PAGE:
So I came here to discuss these next plays with our commanders, with our Iraqi partners, and also some coalition members. As I said, I met with Prime Minister -- and the minister of defense – (inaudible). The first thing I wanted to do is come and tell you about those leaders, because you are the ones -- you are what matters the most right now.

But to us, the country, what you do with this is what matters most. And we're counting on you. And we are completely confident in you. So I wanted to hear you, hear it from you cause you hear it from me first, cause this is the first anybody here had heard what today felt like. And I thought you all deserved to hear it first.

So, first of all, I'll say this. The Prime Minister, the rest of the leadership and also the President Barzani and he -- I are in complete agreement on the approach to the next steps. Both the steps we're going to take and what we're going to do to accelerate our progress down that path, including and very importantly the campaign against Mosul.

I was able to share with them and I wanted to share with you some additional actions that the president has authorized us to take in support of the Iraqi government. And if Prime Minister Abadi today approves and with my -- also, with -- (inaudible).

And they are, first. We are going to place additional advisers with the Iraqi Security Forces, now down to brigade and battalion headquarters -- (inaudible) --. Second, we're going to make available attack helicopters in support of the ISS and ongoing efforts to envelop and then retake Mosul. It's an important capability.

Third, we're going to send some additional HIMARS to support the Iraqi ground offensive to retake Mosul. And you are all familiar with that weapon system that important addition to our fire -- we already do from the air and with our artillery and –- (inaudible).

Fourth and really importantly, we're going to provide financial assistance through the Peshmerga, which was an agreement of Prime Minister Abadi which is how we do everything here. To both serve what has been –- (inaudible) -- Peshmerga, one of the most effective fighting forces against ISIL.

As you know, we also provide substantial assistance to the Iraqi Army, the counterterrorism service and the Iraqi police. And fifth, as we do all this, we are going to adjust what you're doing, that is, how we use our distance forces that are here and we're going to bring in additional -- (inaudible).

As you know, this is on top of what we're already doing. We're providing air power, command and control, other fire, training, sustainment, logistics. It's very important that by being here now you -- the United States with our coalition partners -- relief training essential. We've seen that on –- (inaudible) -- Ramadi today and the kind of political and economic support that the government needs to sustain the defeat.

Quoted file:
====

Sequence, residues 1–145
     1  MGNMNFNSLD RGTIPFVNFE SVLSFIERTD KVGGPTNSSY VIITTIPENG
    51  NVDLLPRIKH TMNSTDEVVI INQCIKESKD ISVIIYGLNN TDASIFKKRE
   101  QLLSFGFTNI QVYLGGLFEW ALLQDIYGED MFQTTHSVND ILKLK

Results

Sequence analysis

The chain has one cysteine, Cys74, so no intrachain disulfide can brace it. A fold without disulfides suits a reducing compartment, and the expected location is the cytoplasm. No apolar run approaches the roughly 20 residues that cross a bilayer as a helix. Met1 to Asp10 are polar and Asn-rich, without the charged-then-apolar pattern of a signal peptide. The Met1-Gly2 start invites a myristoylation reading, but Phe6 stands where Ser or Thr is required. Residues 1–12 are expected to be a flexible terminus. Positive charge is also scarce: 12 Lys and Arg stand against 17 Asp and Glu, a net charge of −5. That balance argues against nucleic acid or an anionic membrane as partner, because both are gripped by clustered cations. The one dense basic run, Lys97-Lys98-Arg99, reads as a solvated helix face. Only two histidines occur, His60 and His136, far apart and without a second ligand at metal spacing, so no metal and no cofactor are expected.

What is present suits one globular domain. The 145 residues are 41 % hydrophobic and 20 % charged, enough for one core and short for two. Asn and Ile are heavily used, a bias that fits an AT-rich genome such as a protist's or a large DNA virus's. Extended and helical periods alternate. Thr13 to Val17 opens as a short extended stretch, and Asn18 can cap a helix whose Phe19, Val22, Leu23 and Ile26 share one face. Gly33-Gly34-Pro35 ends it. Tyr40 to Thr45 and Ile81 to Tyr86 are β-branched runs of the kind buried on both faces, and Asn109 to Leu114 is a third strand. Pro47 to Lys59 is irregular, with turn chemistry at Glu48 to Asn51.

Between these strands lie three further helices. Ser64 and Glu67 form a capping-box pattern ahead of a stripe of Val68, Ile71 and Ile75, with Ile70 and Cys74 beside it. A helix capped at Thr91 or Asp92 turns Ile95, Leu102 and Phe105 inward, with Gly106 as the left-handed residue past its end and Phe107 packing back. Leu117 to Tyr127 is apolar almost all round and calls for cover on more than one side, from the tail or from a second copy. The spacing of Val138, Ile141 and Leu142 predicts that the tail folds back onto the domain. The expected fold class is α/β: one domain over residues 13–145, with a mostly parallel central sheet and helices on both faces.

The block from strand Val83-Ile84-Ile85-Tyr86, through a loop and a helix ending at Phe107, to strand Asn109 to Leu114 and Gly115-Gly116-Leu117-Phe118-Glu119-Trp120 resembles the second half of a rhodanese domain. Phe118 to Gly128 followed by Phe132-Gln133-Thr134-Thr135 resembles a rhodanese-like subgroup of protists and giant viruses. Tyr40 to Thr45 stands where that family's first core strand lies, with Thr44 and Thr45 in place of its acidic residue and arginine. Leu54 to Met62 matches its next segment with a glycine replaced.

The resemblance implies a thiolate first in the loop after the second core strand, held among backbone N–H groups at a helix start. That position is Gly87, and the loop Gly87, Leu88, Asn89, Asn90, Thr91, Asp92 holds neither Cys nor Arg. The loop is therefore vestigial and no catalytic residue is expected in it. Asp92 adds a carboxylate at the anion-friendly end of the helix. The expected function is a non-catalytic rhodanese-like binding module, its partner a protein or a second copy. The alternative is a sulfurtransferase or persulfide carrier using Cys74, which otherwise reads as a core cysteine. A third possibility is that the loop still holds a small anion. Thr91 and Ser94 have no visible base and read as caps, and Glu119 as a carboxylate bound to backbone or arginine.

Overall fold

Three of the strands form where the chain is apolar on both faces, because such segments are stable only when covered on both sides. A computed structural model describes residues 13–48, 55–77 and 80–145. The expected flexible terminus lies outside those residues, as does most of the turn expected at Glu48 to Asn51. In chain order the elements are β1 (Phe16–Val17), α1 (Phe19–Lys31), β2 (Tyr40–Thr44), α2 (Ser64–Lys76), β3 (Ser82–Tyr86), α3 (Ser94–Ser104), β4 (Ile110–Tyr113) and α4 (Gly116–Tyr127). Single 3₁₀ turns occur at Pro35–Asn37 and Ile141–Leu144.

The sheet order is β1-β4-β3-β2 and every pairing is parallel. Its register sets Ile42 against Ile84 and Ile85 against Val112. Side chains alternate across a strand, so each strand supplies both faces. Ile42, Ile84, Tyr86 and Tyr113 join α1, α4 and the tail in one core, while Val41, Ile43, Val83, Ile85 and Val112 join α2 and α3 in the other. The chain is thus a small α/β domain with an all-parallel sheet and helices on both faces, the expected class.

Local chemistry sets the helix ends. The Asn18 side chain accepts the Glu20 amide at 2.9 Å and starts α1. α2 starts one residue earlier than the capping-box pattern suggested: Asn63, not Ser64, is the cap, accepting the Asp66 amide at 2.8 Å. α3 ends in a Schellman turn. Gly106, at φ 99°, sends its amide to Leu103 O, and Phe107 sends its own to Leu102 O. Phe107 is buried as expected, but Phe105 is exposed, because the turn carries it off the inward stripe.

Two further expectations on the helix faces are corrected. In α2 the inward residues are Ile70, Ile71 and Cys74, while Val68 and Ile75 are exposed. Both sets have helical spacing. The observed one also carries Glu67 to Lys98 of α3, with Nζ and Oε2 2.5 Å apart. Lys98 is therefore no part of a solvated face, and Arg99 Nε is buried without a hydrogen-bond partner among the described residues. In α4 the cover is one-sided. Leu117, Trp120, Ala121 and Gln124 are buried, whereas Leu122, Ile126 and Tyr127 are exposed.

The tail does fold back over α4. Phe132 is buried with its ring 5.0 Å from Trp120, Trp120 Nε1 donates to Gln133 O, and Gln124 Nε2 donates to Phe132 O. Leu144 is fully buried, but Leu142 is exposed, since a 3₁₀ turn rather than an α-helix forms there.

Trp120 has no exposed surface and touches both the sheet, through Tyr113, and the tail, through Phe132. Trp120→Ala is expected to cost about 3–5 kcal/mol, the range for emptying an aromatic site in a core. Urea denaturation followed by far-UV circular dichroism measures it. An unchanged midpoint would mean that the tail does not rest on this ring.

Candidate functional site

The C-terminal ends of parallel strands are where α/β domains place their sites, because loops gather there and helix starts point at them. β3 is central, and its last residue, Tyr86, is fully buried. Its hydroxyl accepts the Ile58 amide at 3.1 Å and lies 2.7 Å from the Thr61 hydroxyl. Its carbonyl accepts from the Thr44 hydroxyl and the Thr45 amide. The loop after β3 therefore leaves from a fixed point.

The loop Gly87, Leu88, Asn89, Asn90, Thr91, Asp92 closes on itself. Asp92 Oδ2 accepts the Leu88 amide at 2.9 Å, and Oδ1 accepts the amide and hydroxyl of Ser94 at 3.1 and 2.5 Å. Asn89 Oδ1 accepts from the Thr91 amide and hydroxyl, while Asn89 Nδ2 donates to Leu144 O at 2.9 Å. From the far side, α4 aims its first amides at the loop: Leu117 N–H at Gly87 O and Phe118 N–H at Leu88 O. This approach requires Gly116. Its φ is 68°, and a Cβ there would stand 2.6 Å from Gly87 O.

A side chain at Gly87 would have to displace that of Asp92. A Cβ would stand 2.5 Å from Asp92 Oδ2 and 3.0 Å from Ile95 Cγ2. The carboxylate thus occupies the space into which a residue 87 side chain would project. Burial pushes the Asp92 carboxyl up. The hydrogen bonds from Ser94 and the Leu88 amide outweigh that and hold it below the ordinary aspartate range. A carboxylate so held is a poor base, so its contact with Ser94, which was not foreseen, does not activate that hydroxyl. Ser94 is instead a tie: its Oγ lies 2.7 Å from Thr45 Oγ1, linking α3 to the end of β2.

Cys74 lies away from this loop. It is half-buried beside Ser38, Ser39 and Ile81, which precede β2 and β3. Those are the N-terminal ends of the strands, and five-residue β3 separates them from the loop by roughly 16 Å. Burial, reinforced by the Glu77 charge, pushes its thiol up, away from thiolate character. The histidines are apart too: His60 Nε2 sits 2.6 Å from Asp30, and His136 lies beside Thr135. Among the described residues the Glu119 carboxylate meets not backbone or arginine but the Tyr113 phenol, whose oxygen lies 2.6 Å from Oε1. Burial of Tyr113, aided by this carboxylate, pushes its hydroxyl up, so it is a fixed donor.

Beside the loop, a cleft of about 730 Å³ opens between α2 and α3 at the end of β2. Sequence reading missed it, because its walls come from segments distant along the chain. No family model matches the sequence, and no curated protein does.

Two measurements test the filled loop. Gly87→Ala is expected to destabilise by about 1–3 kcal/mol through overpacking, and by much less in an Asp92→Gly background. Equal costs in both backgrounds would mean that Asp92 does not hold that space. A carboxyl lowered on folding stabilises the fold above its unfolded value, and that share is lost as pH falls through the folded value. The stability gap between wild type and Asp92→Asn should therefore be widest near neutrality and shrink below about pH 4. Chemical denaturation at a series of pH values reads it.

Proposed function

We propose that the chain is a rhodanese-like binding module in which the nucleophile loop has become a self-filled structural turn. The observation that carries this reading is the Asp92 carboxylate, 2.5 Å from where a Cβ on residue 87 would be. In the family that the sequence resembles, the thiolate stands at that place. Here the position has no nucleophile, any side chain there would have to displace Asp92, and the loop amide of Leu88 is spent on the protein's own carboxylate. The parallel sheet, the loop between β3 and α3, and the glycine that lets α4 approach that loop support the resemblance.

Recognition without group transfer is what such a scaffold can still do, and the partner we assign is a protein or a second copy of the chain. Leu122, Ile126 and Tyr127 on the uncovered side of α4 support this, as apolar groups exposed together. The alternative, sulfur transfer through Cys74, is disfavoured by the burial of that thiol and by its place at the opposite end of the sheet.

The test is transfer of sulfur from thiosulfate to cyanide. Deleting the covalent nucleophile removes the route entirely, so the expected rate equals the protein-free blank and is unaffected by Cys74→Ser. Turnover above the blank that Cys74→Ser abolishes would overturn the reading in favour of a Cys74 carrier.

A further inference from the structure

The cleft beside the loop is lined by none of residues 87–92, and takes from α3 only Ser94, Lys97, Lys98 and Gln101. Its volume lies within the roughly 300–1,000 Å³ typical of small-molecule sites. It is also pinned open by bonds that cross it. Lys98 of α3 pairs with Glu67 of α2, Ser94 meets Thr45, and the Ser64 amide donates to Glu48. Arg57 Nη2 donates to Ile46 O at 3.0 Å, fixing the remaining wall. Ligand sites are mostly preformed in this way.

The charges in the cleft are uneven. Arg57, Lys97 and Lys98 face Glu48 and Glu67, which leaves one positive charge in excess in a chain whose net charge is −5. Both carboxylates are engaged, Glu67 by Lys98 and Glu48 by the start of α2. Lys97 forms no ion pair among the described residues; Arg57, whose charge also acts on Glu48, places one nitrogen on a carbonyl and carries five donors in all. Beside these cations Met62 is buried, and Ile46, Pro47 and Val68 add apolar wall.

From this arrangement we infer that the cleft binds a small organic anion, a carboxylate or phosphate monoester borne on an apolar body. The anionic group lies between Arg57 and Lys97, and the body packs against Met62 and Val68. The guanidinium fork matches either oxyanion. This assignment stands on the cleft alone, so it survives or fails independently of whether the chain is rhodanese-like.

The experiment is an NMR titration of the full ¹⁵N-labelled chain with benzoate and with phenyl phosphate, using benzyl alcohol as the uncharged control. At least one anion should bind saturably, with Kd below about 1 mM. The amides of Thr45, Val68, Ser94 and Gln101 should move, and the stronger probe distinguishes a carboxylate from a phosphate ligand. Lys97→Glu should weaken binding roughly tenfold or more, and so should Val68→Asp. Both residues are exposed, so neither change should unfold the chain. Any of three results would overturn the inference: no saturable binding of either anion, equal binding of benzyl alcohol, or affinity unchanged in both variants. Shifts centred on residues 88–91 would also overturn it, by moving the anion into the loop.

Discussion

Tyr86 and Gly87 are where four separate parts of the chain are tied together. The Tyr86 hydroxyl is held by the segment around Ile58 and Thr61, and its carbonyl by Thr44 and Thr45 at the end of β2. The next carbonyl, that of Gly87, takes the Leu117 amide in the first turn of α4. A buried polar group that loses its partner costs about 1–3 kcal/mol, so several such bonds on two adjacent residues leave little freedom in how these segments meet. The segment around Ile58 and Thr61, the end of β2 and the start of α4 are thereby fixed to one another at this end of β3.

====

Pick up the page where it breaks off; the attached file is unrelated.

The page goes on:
And in particular, for example, in Ramadi right now. Stabilization of Ramadi, and then Hit. Not just from the United States, but from other coalition partners. All of that, we're adding to in the ways I’m describing to you today. And, I want more importantly the president, will continue to be asked to, even if we're asking more of ourselves, to ask more of our coalition partners in Europe, (inaudible) and elsewhere.

And probably some of you right here with us today and we appreciate that, because the coalition already had the largest presence here in Iraq. So, that's the story. And thanks to your work, thanks to your work here, these steps into –- (inaudible) -- today will accelerate what we know to be the certain defeat of ISIL.

Second thing that I wanted to say. Now, let's -- that's the campaign you are embarked upon -– (inaudible) -- Now, let's talk about you. First and foremost, you sit there, you are so magnificent. I can't tell you how proud I am. How proud I am to be the secretary of defense. It is the finest fighting force the world have ever known. That view. It makes me so proud.

And it's not just me. A full country is incredibly proud of you. We're grateful to you. Well, thank you for what you're doing here. Thank you for the sacrifice and the risk it entails. And thanks also to your families. As we know, that behind every great sailor, soldier, airman and the Marines, is a great family as well.

-- (inaudible) --. So make sure that you tell them too. I'm very appreciative. You should know and I'm sure you do know how critically important this mission is. We've got to do it. It's not the only thing we have to do around the world. We've got a lot of responsibilities throughout the world. But we're a great and powerful country and have a lot of friends.

Made a lot of friends for very different reasons, because they like what we stand for and they love working with you guys. Because you're so skilled, that you're all so decent, you conduct yourselves very well. They like working with you. And all that's a really powerful combination.

Your ingenuity, your inherent resolve, all that is going to -- (inaudible) – Iraq to ensure its own sovereignty here, and that's a critical part of the victory against ISIL.

You're going to see things that seem important as the battlefield shifts. We're looking for opportunities to accelerate this. I'm looking for them, General MacFarland is looking for them, the president is looking for them, the whole country's looking for them. So if you see things that'll make it go faster, make it go safer, send your ideas up the chain of command. We're very open to your insights -- to your operational insights and practical insights, very much open to -- (inaudible). You will see opportunities that we do not see-- (inaudible).

There are more steps ahead. We know that. We know there are more steps ahead, but we also know we're going to win.